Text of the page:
Extra funding for NHS England

The Chancellor of the Exchequer Philip Hammond announced last week (22 November) in the Autumn budget that there will be extra funding for the NHS in England.

In his announcement he said he would give an extra £2.8bn over the next three years, with an immediate cash injection of £350m this year for the winter period.

Another £1.6bn will be made available between 2018-19 and the remaining £850m between 2019-20.

His announcement also included a commitment to funding pay awards for NHS staff on the Agenda for Change contract (including midwives, nurses and paramedics) but only if wider pay reform negotiations are successfully concluded to improve productivity, recruitment and retention. 

With regards to mental health, the chancellor said that a green paper will be published in December setting out the government’s plans to transform mental health services for children and young people.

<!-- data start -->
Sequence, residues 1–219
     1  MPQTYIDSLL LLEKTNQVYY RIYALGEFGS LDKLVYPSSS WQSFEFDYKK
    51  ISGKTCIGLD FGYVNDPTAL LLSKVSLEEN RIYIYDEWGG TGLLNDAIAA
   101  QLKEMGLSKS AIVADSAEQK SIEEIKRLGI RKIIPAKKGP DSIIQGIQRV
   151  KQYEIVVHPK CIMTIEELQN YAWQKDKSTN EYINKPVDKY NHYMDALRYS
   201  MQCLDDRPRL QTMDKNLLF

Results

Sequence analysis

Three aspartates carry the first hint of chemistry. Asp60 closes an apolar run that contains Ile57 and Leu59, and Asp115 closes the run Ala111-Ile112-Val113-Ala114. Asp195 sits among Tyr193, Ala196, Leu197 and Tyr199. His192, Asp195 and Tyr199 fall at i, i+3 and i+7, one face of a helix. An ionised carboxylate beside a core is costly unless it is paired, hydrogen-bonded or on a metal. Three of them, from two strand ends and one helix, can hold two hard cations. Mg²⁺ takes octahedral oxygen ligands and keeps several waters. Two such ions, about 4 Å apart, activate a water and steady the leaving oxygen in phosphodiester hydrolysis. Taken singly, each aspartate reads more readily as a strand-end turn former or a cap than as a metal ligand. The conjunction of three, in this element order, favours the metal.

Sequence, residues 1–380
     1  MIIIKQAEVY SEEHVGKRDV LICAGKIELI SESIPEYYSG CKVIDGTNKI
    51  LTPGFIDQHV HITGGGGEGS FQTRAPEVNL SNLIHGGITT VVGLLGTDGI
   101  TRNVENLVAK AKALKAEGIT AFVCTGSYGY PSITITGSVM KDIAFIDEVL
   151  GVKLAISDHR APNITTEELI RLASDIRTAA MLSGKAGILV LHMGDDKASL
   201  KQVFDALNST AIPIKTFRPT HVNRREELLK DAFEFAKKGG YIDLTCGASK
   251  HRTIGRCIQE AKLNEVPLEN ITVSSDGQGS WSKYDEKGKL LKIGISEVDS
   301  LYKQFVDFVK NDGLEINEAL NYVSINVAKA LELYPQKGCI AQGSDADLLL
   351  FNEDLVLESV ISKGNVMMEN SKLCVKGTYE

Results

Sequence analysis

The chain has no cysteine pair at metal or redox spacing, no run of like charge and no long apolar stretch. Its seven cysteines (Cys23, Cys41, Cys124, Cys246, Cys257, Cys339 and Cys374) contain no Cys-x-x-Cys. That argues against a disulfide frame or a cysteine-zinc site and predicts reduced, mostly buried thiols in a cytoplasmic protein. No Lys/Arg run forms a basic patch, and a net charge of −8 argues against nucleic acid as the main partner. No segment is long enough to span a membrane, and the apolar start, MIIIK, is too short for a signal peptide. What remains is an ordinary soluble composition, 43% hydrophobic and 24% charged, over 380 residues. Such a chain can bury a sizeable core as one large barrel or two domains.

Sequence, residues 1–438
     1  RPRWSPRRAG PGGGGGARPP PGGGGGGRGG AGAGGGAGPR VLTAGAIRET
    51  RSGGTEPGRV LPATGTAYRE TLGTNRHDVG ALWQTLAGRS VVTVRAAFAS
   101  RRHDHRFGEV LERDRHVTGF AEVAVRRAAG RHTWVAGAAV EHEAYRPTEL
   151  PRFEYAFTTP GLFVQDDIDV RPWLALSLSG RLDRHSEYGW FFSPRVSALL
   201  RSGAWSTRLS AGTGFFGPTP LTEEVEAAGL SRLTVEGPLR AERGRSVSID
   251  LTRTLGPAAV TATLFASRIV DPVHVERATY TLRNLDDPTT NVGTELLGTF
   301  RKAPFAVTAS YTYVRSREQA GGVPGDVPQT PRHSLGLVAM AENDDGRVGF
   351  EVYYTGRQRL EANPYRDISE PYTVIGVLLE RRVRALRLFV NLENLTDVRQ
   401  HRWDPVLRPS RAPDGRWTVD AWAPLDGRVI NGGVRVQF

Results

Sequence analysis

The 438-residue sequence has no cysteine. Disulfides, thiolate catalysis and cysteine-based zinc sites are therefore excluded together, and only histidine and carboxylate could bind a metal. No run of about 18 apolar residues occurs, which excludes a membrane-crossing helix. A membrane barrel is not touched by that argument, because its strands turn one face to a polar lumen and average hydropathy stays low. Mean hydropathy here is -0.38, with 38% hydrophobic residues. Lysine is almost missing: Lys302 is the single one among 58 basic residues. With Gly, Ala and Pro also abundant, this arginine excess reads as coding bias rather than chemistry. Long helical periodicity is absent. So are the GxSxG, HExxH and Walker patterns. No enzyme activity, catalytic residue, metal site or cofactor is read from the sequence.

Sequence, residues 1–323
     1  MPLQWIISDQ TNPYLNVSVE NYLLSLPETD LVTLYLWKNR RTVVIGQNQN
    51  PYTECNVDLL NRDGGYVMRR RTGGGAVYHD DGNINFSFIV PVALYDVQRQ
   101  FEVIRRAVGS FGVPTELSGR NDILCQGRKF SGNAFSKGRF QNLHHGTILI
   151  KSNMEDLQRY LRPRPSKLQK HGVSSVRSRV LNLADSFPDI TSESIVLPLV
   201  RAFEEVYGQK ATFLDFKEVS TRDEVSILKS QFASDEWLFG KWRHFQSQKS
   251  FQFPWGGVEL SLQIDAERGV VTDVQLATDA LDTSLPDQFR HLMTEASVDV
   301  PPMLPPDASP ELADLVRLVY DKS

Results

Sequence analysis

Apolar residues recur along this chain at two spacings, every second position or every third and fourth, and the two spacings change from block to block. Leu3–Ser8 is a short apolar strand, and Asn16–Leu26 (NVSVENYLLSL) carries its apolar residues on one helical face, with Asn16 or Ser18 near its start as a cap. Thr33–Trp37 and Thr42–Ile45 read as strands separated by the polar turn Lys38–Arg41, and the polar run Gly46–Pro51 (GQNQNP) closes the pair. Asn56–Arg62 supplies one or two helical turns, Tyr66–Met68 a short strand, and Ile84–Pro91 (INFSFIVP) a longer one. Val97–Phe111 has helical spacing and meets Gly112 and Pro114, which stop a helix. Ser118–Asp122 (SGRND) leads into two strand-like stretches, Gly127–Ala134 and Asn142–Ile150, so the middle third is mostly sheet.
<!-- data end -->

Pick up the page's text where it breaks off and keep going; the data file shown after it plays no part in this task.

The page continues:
The budget included more money for Scotland, Wales and Northern Ireland, with the devolved administrations all receiving increased spending power in devolved areas, including education, health and transport.

Each devolved administration will be able to decide where this will be spent. There will be an increase of £2bn for the Scottish Government, an increase of £1.2bn for the Welsh Government and an increase of £660m for a Northern Ireland Executive.

However, in response to the budget announcements, Unite’s general secretary Len McCluskey warned that millions of households will face the biggest squeeze in living standards ever. He said: ‘Communities continue to face more of the cuts which have sucked the life out of the economy, with wages plummeting and personal debt soaring to dangerous levels.

‘Services like our NHS, schools and police services face becoming ragged shadows of what they once were. Public sector workers, whose wages have been drained by thousands since the Tories took office, cannot provide for their families with warm words for their selfless service.

‘All public sector workers need the pay cap lifted now and a properly funded pay rise, not a pick and mix where only a chosen few see an end to the relentless pay shrinkage.’